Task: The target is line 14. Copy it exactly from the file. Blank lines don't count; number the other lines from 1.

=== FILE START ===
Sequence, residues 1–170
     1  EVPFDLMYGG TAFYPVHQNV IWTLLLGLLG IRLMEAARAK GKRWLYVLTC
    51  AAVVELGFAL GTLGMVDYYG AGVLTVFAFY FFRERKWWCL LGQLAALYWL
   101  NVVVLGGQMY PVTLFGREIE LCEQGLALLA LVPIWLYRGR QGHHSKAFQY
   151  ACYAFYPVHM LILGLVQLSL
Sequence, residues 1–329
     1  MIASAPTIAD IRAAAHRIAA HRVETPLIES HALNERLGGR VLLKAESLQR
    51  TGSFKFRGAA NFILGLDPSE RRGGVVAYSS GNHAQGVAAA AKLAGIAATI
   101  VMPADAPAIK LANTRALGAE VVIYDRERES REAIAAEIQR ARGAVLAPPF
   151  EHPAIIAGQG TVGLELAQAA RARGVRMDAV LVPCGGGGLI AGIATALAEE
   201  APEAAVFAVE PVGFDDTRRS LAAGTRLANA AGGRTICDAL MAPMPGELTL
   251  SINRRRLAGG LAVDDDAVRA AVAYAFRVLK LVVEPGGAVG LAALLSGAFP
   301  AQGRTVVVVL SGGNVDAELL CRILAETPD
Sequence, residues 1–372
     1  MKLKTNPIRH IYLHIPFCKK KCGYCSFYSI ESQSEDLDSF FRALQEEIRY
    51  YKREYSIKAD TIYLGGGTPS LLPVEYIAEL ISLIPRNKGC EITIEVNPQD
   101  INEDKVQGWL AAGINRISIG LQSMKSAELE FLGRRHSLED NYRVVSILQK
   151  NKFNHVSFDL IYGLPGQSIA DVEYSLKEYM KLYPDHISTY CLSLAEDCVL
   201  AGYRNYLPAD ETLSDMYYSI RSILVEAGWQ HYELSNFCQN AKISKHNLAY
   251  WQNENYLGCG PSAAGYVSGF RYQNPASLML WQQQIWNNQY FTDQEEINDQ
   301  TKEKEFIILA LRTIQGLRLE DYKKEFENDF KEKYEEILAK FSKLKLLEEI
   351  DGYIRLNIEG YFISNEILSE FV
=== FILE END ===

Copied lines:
Sequence, residues 1–372